You’ve Heard of Escheat…But What Exactly Is It?

Simply put, escheat is a legal process whereby ownership of abandoned (or “unclaimed”) property is transferred to the State.  All states have escheat laws and, while they have many similarities, the laws do vary.  In California, businesses that hold unclaimed property are required to report to the State annually.

Property of others is considered “unclaimed” and reportable after specific periods of time of inactivity (called “dormancy”), which is generally three years; however, wages and commissions are only one year.  Some examples of property included in the escheat process are monetary assets such as customer account overpayments, uncashed checks and expired deposits, and tangible property.  And, while the holder of the unclaimed property must perform statutory due diligence procedures to locate the property owner before reporting it to the State, the State will also send out notices to the owner within about six months of receiving the annual report.  If the owner still has not been found, the holder is then required to remit the property to the State and is relieved of any further asset custody obligations.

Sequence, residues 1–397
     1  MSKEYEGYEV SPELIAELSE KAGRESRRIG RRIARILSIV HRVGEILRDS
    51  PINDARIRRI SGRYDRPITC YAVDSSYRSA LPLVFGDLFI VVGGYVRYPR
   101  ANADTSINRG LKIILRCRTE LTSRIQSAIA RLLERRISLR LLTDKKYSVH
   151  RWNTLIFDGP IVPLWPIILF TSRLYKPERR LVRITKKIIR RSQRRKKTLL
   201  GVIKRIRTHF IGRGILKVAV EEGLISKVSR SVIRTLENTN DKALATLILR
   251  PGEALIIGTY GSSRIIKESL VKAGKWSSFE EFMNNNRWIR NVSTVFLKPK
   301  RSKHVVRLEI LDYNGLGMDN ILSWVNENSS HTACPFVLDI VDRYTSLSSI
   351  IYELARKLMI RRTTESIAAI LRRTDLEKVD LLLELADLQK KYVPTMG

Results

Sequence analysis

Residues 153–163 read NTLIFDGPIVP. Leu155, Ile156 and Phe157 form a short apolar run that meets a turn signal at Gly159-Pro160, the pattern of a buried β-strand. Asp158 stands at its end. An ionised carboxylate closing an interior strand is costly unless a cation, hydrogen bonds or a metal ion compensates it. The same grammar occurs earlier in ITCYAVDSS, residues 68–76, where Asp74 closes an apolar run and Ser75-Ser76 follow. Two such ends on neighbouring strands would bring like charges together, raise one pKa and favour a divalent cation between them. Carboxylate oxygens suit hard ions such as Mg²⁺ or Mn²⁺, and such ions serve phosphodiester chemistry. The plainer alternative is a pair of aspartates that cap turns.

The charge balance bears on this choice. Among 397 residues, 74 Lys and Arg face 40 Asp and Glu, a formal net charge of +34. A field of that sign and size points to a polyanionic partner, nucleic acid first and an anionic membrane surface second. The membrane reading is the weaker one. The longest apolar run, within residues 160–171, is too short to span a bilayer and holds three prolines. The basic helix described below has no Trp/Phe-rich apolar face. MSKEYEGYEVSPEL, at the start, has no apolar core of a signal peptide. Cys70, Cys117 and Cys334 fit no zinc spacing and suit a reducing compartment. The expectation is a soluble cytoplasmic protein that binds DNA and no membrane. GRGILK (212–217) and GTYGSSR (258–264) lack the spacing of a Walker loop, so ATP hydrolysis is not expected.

The California State controller’s Office maintains resources, including required forms and instructions, calendars, and sample letters, on its website to assist holders of unclaimed property to comply with California’s escheat laws. These resources and additional information can be found at http://sco.ca.gov/upd_msg.html.

A quick summary of the requirements can be found here:

http://sco.ca.gov/Files-UPD/outreach_rptg_hol_genrptinfo.pdf

And… if you are interested in finding out whether YOU are the owner of unclaimed property in possession of the State, check here:  http://scoweb.sco.ca.gov/UCP/

By some estimates, full compliance with escheat laws nationwide is only 15 to 35 percent.  States have been stepping up efforts to enforce these escheat laws with the depressed economic conditions of late.  Parties that fail to comply are subject to penalties, but the larger focus is on the property itself.  After statutory time limits, the State Controller can sell the property, with proceeds used to fund the escheat program and other governmental activities and, ultimately, transferred to the State’s General Fund.